What Tech Leaders Can Learn from Donald Sterling’s Lifetime NBA Ban

April 30, 2014

1:48 pm

Anyone who knows me will tell you that I’m a die-hard basketball fan (let’s go Heat!), and unless you’ve been living under a rock the last week, you would have heard the news that the owner of the Los Angeles Clippers was just banned from the NBA for life for his racist comments made on a recording brought public by popular gossip site TMZ.

 

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As a lover of the game of basketball, and as a human being that doesn’t tolerate racism or ignorant hatred of others, the news of Donald Sterling’s recording was extremely unsettling to me. Why should basketball players, coaches, executives, and fans have to associate with someone who is as blatantly racist and shameful as Donald Sterling, especially in a league dominated by African American players nonetheless?

After I got over my initial anger and awe of the situation, I thought about ways this monumental ruling meant for the rest of society, and specifically the tech industry. Here’s what I came up with:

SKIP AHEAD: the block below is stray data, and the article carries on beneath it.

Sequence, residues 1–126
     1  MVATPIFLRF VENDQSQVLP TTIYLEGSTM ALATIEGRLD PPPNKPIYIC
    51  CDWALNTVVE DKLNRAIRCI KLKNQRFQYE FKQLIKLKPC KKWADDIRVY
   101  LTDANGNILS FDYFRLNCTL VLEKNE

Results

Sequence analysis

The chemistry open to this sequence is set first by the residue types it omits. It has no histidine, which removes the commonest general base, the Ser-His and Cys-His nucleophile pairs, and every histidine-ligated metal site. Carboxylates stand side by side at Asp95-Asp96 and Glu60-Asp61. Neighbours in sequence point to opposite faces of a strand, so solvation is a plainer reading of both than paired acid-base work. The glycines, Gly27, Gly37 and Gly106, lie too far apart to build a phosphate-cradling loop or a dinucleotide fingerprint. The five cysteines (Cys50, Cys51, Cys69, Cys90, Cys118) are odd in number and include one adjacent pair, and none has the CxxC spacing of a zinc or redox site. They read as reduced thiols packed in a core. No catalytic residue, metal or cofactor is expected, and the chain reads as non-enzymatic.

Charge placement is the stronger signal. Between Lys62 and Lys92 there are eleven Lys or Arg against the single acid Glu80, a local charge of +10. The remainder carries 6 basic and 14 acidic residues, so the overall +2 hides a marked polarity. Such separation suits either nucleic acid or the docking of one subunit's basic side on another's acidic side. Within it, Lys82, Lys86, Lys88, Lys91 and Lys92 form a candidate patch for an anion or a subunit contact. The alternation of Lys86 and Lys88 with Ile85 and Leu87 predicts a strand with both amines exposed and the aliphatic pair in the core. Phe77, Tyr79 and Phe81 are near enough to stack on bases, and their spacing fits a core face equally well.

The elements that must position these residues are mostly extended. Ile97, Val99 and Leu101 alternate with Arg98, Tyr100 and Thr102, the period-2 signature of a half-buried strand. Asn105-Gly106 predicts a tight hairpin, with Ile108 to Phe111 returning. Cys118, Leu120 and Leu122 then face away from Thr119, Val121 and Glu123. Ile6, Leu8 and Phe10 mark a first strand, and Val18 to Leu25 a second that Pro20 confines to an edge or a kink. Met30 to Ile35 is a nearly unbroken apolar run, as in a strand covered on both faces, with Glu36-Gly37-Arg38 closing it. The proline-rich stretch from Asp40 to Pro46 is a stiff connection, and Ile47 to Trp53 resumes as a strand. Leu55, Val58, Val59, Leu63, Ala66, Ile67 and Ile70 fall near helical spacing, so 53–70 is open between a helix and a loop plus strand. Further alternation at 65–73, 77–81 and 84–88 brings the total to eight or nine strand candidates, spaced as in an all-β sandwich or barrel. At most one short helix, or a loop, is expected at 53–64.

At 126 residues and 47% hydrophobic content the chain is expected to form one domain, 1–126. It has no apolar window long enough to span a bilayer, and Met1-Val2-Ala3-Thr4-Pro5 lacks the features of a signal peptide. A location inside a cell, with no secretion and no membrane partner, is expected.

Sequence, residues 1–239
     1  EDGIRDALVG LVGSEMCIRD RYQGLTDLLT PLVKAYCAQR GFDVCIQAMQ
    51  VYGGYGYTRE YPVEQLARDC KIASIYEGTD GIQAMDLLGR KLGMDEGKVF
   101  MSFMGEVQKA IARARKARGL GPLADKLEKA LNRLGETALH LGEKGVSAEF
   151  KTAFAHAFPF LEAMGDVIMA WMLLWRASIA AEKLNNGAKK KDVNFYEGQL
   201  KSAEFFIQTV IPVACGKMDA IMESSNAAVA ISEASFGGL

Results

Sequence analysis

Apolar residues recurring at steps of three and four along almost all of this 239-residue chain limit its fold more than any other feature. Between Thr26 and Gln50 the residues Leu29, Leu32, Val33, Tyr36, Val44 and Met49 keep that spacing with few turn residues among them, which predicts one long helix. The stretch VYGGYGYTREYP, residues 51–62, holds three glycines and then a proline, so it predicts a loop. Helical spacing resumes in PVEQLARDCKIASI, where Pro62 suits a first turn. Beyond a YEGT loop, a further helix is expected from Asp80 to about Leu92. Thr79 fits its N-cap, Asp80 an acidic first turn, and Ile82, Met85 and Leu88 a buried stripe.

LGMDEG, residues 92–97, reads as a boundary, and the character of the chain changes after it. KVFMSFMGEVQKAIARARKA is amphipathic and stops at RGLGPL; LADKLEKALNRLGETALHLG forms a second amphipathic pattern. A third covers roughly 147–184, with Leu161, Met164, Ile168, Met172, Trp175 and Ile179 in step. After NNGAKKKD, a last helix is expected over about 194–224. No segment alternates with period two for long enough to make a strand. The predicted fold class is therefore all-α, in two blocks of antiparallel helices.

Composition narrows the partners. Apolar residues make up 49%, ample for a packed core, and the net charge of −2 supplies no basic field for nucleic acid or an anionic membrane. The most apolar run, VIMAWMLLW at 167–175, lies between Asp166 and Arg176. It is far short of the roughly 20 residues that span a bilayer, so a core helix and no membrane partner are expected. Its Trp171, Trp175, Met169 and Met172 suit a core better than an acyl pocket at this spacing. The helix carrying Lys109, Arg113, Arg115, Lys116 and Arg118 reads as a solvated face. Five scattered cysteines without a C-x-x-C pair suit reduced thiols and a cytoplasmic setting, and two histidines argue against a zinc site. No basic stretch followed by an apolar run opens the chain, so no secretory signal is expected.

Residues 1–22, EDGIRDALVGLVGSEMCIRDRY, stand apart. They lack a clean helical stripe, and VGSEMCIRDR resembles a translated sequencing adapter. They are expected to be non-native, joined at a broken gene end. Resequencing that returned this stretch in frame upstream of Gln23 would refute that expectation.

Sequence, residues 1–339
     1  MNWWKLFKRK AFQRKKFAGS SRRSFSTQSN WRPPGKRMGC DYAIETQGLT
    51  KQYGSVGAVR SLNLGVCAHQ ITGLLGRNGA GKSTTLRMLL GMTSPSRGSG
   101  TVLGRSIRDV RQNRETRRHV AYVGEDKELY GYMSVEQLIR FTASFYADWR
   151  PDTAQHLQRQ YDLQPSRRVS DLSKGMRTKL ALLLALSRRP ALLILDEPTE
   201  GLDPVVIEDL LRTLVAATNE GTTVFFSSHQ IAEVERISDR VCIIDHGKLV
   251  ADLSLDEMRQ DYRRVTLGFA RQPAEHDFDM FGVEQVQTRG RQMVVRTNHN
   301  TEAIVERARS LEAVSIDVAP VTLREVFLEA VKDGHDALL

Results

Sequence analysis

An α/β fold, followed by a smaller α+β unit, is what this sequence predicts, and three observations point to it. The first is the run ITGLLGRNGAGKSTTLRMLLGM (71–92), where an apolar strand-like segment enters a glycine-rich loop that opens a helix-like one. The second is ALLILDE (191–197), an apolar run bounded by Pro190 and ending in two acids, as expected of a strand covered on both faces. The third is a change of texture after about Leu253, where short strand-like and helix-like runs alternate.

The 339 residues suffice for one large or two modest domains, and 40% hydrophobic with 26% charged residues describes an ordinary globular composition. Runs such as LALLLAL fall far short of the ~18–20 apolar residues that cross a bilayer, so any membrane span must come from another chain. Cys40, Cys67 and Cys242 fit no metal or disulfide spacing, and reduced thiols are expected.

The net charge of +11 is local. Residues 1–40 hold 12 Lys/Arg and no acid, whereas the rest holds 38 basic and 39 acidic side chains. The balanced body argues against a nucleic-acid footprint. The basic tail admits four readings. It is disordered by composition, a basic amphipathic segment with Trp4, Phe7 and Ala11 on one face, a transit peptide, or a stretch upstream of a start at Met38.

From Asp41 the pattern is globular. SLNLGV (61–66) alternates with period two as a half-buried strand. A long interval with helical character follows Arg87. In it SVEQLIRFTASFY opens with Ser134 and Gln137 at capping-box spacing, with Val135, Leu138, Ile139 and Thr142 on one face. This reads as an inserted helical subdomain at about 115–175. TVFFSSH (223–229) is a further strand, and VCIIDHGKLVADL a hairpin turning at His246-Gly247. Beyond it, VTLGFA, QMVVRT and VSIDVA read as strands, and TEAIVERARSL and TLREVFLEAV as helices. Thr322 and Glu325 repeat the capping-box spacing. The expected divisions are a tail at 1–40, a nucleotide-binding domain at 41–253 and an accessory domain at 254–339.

Discrimination in the workplace of any kind is stupid 

Right now, the tech industry is struggling with gender discrimination and inequality in all ranks, from the balance of developers in a company to the composition of company boards. There is still a “bro-culture” among engineers, and although the pay gap in computer engineering is smaller between genders than in other industries, women still only make 89% of what men do in the same positions on average in the tech industry. Look back a few months to Twitter’s IPO and we can all remember the company’s struggle to find a female member to join their company’s Board of Directors. And with new sites popping up like Codebabes.com, which – whether as a joke or as an actual business model – uses attractive women stripping clothes in order to teach people how to code, it’s no wonder that women feel uncomfortable entering the tech industry. Fortunately, this is an issue that many tech leaders recognize is important and is in dire need of addressing, but after Donald Sterling was ousted from the NBA for his discriminatory comments on race, it is time for tech leaders to take their actions to another level in order to keep discrimination out of our workplace and society.

Adversity is an opportunity to bring teams, and industries, closer